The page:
Kev's Lounge Paper Minis: Blazin' Bones
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Orcs I - Savage Tribes
Publisher: PERMES
by Heretica A. [Verified Purchaser]
Date Added: 02/18/2020 23:43:10

This set contains green skinned orcs in a 1940s comic book style, not really good or bad, but not quite my cup of tea. The set includes 4 different tints for each figure, perhaps to distinguish them on the table.



Rating:
[3 of 5 Stars!]
Orcs I - Savage Tribes
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Darkfast Classic Fantasy Bonus Set One: Fae is Fowl
Publisher: Okumarts Games
by Heretica A. [Verified Purchaser]
Date Added: 02/18/2020 23:40:21

Great set, especially as its FREE! There are a few chickens in here that look like Foghorn Leghorn on a bad day. Fun!



Rating:
[4 of 5 Stars!]
Darkfast Classic Fantasy Bonus Set One: Fae is Fowl
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Kev's Lounge Paper Minis: The Brotherhood
Publisher: Kev's Lounge
by Heretica A. [Verified Purchaser]
Date Added: 12/29/2019 06:40:18

I bought this because I needed some monkish types for the game I am running. After I downloaded this I realized just how customizable this set is. The color of robes, belts, skin can be adusted on the fly as well as adding hoods, symbols etc. I am very impressed with this, for a few bucks this mini set can create so many different combinations...Im going to be looking through this artists other products...it looks like so much can be done. Also the style is what I am looking for , not campy or cartoony...



Rating:
[5 of 5 Stars!]
Kev's Lounge Paper Minis: The Brotherhood
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In the Trenches: Devil Dogs
Publisher: Tiny Battle Publishing
by Kim L. [Verified Purchaser]
Date Added: 11/19/2017 21:11:07
"In The Trenches: Devil Dogs" is a game of WW I tactical combat. Its a hex and counter game, set in the last year of the war between U.S. Marines and the German Army on the Western Front. It is one of two "Base Sets" for the game system. There are 4 other "Batttle Packs" with additional scenarios at this writing. In order to play any of the other expansions you will need this base set or "In The Trenches: Doughboys".

What you get: 3 great looking maps, one for each of the scenarios included. One of a hill with entrenchments, a forest with entrenchments, and what looks like the same forest, blasted all to hell. The counters are clean and functional, using NATO symbols for infantry and silhouettes for machine guns and mortars. A 20 page rulebook, a turn record sheet and a quick reference sheet.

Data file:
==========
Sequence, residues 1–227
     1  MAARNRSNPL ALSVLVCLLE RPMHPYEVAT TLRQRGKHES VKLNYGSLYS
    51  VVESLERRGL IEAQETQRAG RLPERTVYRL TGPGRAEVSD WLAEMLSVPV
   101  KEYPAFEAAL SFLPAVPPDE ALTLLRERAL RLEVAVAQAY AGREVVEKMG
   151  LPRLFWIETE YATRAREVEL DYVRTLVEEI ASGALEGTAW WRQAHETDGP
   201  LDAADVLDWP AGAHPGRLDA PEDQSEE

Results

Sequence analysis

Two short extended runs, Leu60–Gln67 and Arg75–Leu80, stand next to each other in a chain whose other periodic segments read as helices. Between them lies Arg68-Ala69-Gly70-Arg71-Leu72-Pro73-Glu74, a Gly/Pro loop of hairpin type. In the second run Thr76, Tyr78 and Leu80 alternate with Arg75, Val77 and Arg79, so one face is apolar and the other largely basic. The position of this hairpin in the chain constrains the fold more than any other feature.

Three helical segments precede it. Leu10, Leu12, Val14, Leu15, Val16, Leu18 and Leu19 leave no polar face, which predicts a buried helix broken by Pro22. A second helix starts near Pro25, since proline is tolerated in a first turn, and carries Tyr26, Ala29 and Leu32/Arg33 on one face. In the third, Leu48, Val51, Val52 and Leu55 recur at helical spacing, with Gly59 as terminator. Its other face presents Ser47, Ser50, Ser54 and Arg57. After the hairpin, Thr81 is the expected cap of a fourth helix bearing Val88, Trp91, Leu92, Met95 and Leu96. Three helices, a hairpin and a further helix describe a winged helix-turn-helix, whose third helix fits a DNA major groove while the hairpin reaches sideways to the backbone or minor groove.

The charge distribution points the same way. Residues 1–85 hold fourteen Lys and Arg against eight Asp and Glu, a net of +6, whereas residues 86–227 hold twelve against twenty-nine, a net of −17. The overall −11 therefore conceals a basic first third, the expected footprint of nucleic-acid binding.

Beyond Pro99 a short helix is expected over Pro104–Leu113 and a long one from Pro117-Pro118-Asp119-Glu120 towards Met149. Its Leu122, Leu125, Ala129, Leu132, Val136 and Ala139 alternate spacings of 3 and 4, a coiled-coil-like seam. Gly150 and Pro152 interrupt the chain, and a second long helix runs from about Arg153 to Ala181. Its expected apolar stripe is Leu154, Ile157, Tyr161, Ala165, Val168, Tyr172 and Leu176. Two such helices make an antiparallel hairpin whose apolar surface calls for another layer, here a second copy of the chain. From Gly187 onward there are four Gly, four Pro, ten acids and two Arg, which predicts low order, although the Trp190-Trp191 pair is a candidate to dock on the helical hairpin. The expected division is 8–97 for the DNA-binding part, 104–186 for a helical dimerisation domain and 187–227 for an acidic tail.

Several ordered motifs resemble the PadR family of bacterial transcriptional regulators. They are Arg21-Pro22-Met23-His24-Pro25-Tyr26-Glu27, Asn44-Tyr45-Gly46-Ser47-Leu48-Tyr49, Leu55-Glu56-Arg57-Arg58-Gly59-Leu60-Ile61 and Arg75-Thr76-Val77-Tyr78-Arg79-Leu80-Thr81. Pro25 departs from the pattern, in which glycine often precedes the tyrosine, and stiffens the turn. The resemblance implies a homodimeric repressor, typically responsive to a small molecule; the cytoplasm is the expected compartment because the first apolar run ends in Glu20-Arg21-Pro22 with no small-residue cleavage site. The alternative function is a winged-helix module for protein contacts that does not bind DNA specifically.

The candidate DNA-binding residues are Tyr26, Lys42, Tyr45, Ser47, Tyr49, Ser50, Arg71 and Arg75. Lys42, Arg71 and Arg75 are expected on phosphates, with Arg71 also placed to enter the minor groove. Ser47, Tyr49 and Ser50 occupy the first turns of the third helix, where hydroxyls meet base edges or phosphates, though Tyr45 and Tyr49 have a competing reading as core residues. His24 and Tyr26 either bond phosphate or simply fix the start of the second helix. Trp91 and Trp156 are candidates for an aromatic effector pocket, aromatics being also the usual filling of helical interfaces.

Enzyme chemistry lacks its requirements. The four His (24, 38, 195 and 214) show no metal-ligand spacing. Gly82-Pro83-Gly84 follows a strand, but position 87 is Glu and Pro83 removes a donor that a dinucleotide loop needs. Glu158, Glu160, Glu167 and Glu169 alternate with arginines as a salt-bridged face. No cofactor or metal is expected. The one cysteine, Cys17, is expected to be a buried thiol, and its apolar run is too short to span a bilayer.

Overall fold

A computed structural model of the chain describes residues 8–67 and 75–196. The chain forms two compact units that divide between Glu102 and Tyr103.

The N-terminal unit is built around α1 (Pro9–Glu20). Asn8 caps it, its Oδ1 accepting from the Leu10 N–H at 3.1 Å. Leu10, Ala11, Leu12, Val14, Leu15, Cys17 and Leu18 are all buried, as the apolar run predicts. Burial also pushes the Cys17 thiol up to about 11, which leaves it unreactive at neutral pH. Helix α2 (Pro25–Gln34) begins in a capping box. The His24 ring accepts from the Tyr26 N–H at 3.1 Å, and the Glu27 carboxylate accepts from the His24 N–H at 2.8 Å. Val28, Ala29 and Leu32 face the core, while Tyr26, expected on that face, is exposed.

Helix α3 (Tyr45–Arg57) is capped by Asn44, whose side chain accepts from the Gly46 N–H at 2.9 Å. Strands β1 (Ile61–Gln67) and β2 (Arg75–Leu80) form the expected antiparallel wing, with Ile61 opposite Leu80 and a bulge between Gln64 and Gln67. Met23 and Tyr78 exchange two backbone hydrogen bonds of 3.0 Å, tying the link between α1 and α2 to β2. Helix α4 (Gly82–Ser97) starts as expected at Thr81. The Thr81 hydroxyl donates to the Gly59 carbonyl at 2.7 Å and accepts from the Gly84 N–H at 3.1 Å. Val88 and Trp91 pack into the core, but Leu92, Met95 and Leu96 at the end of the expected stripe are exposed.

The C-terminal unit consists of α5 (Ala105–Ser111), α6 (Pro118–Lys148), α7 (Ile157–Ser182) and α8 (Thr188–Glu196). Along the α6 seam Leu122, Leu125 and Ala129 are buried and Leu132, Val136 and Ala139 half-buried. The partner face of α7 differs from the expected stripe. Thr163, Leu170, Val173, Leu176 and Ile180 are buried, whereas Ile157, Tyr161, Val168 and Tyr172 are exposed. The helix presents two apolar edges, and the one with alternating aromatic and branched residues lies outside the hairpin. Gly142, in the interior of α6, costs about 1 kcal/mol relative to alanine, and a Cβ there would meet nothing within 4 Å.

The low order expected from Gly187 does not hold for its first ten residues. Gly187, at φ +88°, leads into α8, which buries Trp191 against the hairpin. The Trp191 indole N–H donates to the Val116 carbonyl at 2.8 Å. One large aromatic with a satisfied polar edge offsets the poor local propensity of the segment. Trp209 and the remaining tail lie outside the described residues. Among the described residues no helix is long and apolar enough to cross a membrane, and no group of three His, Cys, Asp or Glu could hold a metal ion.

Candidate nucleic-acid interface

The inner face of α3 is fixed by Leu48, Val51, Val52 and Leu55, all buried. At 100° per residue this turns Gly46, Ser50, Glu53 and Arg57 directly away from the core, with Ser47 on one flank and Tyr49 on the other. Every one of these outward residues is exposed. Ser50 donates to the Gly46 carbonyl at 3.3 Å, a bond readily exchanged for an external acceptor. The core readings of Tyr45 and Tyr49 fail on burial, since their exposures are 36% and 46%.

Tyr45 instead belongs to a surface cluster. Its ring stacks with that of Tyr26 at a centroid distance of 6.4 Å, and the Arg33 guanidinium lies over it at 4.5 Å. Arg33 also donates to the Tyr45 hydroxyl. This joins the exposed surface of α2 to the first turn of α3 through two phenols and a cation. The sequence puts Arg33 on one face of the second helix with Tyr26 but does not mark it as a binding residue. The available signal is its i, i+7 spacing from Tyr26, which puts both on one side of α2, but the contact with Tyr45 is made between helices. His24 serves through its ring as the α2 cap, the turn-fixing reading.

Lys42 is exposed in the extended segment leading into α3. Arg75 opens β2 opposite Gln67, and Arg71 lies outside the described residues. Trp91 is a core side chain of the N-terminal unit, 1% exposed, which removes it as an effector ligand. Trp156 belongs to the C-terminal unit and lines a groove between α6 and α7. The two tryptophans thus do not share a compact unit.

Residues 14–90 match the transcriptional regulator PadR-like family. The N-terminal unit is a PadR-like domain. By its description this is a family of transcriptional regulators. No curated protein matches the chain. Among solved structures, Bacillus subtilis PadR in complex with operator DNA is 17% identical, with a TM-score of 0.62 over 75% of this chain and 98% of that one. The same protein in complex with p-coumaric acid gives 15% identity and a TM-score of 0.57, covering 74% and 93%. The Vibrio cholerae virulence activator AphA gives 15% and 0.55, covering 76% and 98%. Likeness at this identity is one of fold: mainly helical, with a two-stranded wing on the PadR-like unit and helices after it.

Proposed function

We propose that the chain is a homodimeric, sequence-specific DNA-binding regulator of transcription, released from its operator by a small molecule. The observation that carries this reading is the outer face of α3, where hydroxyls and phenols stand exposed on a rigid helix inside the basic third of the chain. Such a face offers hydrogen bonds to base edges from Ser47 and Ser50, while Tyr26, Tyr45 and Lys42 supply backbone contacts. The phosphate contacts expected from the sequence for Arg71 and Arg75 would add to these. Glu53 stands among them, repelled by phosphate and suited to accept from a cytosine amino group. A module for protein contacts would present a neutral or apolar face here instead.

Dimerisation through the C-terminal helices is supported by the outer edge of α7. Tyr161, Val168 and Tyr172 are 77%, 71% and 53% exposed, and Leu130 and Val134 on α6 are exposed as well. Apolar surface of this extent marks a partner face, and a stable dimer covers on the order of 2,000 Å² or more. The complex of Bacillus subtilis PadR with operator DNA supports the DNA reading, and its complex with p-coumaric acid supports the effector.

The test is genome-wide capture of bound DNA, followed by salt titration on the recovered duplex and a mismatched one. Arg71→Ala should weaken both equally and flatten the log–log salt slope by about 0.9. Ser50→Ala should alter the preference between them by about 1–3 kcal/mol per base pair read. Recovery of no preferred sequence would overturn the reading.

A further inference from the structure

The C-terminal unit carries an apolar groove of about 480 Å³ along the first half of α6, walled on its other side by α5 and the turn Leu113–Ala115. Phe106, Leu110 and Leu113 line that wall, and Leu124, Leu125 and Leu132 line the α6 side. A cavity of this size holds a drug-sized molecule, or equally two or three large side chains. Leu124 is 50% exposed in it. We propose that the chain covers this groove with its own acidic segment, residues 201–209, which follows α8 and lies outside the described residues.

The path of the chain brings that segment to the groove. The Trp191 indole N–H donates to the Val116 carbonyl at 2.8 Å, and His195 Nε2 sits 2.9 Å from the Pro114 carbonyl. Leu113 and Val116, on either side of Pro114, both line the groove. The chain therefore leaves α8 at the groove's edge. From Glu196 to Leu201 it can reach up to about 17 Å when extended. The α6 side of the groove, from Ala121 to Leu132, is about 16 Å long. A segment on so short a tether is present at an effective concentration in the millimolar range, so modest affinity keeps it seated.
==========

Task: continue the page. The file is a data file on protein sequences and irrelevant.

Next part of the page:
How it plays: The three scenarios included involve US marines assaulting the Germans in entrenched positions. Turns are made of "rounds" in which players roll 2 d6 to determine who goes first. The difference between these rolls determines how many orders may be given during that round. This creates a lot of variability and randomness typical of any battlefield.

Orders can be given to individual platoons, or to entire formations made up of four platoons. Ordering a formation has the drawback of one less movement point for all of the platoons within it. This can be important when assaulting a position, particularly if one has few orders that round. Moving or firing, exhausts units with two commitment levels: "Engaged" or "spent". A fresh unit that moves or fires (cant do both in the same round) becomes "engaged" and can only fire or engage in close combat thereafter. "Engaged" units may fire at half strength, but are "spent" afterwards and can do nothing but engage in close combat.

A single turn is composed of a random number of rounds and ends when both players roll the same initiative roll or when both players are out of options. At the end of the turn all units return to "Free" status and may start over.

In any round the player who isnt moving may use "reaction" fire against any enemy moving within range. This increases their commitment level by one (either "engaged" or "spent") but can be deadly to anyone trying to close in for close combat.

My opinion The game is about medium complexity, anyone familiar with hex and counter wargames will have no problem picking this up quickly. The scenarios all play in about 30-90 minutes. The game captures WW I infantry fighting without a lot of rules, but what is there is very nuanced, and will take a few plays to fully appreciate. My only complaint is a small one, this game gives you three scenarios which always pit the far more numerous marines vs the defending Germans in different positions. The marines do not have any support equipment, (mortars or machine guns). although the rules cover things like Cavalry charges, tanks and barbed wire, they play no role in this game. Also there are tons of counters which just aren't used. These rules and additional counters do get used in the additional expansions.

Its hard to fault a game with an admission price of $12, but to fully appreciate the system, one will need to buy one of the expansions. What you get with this base set is a bit of a tease, for potentially better things to come. I can't comment on that since I havent played any of them yet. But since I bought all of them, I'll be playing them and offering reviews here. What I see in this game looks very promising.



Rating:
[4 of 5 Stars!]
In the Trenches: Devil Dogs